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Election Law @ Moritz

Election Law @ Moritz


Litigation

 

True the Vote, Inc. v. IRS

Case Information

Date Filed: May 21, 2013
State: Washington, D.C.
Issue: Campaign Finance
Current Court: U.S. District Court for the District of Columbia (Case 1:13-CV-00734)

Issue:

1) Whether True the Vote is exempt from Federal Income tax as a 501(c)(3) organization.

2) Whether the IRS violated True the Vote's First Amendment right of freedom of speech and association.

3) Whether the IRS overstepped its statutory authority in requesting additional information from True the Vote.

Status:

Complaint filed 5/21/13. Motion to Dismiss counts 1, 2, 3, and 5 filed 9/26/13. Plaintiff's motion to stay agency action filed 11/15/13. True the Vote's Opposition to Motion to Dismiss on 11/26/13. Multiple Replies Supporting Motion to Dismiss on 12/17/13. Plaintiffs' Motion for Preliminary Injunction and Expedited Discovery filed 6/30/14. Order denying Motion for Discovery and Motion for Preliminary Injunction filed 8/7/14. Order granting Motion to Dismiss filed 10/22/14. Plaintiff's Notice of Appeal filed 12/18/14. Order that appeal be held in abeyance filed 5/8/15. Oral argument at D.C. Circuit held 4/14/16. D.C. Circuit Court opinion affirming in part, reversing in part, filed 8/5/16. U.S.'s Answer to First Amended Complaint filed 12/19/16. True the Vote's Memo in Opposition to U.S.'s Motion for Summary Judgment filed 1/19/17.

 

Court of Appeals Documents

District Court Documents

Commentary

Edward B. Foley

The Electoral Fix We Really Need

Edward B. Foley

The Electoral College winner should be the majority choice in each state that counts towards that Electoral College victory.

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In the News

Edward B. Foley

Gerrymandering Is Headed Back to the Supreme Court

Professor Edward Foley was requoted in Mother Jones about a gerrymandering case in Wisconsin on its way to the Supreme Court. Other legal actions on partisan gerrymandering in Maryland and in North Carolina may be bound for the Supreme Court as well.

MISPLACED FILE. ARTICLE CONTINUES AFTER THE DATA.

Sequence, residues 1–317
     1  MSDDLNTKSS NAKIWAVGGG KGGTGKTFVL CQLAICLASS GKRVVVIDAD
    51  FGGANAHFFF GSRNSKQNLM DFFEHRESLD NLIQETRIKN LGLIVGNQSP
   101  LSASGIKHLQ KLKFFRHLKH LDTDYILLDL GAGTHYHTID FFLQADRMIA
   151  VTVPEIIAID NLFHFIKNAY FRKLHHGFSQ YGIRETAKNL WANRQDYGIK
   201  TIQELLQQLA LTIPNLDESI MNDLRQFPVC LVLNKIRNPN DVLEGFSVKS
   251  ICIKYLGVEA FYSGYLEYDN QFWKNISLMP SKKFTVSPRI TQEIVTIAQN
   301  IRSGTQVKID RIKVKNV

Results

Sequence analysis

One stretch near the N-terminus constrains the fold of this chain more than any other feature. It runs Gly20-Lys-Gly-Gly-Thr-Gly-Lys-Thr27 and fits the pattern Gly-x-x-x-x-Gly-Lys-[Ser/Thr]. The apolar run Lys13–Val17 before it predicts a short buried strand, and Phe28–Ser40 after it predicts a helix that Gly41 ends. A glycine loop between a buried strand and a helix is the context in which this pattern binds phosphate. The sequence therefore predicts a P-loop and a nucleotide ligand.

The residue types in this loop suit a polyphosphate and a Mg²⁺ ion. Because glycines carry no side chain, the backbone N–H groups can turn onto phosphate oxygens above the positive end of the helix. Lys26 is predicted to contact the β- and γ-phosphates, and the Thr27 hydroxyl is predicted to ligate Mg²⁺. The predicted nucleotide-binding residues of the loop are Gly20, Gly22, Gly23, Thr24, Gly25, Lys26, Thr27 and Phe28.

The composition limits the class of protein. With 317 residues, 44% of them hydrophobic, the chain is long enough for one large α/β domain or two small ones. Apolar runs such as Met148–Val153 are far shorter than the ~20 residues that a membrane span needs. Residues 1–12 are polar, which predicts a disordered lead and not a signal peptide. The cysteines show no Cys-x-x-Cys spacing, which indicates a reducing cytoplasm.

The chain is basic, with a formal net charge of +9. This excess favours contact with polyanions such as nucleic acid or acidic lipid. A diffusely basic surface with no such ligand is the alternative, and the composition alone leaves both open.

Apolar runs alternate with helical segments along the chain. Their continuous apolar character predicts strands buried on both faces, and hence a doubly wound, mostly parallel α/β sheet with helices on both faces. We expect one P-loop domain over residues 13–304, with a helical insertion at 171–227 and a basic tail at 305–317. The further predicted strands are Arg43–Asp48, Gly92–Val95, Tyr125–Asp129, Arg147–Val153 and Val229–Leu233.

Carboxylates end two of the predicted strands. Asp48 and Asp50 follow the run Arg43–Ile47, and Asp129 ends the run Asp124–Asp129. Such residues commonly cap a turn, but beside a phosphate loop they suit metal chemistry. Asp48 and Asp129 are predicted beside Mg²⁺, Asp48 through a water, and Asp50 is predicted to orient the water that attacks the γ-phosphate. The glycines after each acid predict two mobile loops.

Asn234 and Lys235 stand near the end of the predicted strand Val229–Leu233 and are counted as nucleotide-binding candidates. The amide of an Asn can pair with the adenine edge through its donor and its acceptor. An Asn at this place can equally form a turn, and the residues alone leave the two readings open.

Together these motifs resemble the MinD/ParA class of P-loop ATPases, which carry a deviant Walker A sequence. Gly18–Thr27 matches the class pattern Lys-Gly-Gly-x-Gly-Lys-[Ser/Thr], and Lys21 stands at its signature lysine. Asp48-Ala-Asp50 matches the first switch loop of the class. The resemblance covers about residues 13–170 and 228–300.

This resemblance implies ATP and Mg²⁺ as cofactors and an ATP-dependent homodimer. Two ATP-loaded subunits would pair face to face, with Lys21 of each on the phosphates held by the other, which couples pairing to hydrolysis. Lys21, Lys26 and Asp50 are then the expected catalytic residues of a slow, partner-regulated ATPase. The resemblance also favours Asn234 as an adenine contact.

While previous Supreme Court cases have noted that partisan gerrymanders are “incompatible with democratic principles,” The New York Times originally reported, the court has never officially struck a case down. While it remains unseen how the Supreme Court will rule in the upcoming cases, a 2004 ruling from a previous gerrymandering case could play a pivotal role in how the court stands in the future. 

“The ordered working of our Republic, and of the democratic process, depends on a sense of decorum and restraint in all branches of government, and in the citizenry itself,” Justice Anthony M. Kennedy wrote in 2004. Kennedy’s statement is “the most important line” in the decision, Foley told The New York Times, adding,  “He’s going to look at what’s going on in North Carolina as the complete absence of that. I think that helps the plaintiffs in any of these cases.”


 

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Info & Analysis

U.S. Supreme Court Affirms District Court: NC Redistricting Unconstitutional

In a 5-3 decision, the U.S. Supreme Court affirmed the decision of the District Court, finding that North Carolina\'s Congressional redistricting plan violated the U.S. Constitution. The Court determined that racial considerations unlawfully predominated the designing of the contested districts. The case is Cooper v. Harris.

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